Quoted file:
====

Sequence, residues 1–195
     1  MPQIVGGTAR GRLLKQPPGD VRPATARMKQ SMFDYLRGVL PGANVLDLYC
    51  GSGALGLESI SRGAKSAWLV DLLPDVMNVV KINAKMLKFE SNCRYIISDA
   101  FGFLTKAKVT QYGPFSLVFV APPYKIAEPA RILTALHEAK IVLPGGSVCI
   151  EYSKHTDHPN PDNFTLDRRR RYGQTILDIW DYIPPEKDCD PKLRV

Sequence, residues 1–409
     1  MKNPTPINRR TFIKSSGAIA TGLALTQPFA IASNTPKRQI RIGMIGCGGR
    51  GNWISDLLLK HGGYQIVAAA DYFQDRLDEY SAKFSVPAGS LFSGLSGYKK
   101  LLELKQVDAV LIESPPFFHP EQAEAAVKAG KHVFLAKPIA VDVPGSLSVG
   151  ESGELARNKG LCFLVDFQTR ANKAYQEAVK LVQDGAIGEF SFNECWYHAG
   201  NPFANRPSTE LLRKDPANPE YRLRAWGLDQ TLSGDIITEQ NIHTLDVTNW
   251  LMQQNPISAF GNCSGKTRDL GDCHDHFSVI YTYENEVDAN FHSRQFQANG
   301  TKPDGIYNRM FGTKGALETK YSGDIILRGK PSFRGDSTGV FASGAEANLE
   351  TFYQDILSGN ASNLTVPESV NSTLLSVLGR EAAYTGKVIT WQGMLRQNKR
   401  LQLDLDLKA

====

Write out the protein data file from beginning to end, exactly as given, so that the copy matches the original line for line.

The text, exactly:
Sequence, residues 1–195
     1  MPQIVGGTAR GRLLKQPPGD VRPATARMKQ SMFDYLRGVL PGANVLDLYC
    51  GSGALGLESI SRGAKSAWLV DLLPDVMNVV KINAKMLKFE SNCRYIISDA
   101  FGFLTKAKVT QYGPFSLVFV APPYKIAEPA RILTALHEAK IVLPGGSVCI
   151  EYSKHTDHPN PDNFTLDRRR RYGQTILDIW DYIPPEKDCD PKLRV

Sequence, residues 1–409
     1  MKNPTPINRR TFIKSSGAIA TGLALTQPFA IASNTPKRQI RIGMIGCGGR
    51  GNWISDLLLK HGGYQIVAAA DYFQDRLDEY SAKFSVPAGS LFSGLSGYKK
   101  LLELKQVDAV LIESPPFFHP EQAEAAVKAG KHVFLAKPIA VDVPGSLSVG
   151  ESGELARNKG LCFLVDFQTR ANKAYQEAVK LVQDGAIGEF SFNECWYHAG
   201  NPFANRPSTE LLRKDPANPE YRLRAWGLDQ TLSGDIITEQ NIHTLDVTNW
   251  LMQQNPISAF GNCSGKTRDL GDCHDHFSVI YTYENEVDAN FHSRQFQANG
   301  TKPDGIYNRM FGTKGALETK YSGDIILRGK PSFRGDSTGV FASGAEANLE
   351  TFYQDILSGN ASNLTVPESV NSTLLSVLGR EAAYTGKVIT WQGMLRQNKR
   401  LQLDLDLKA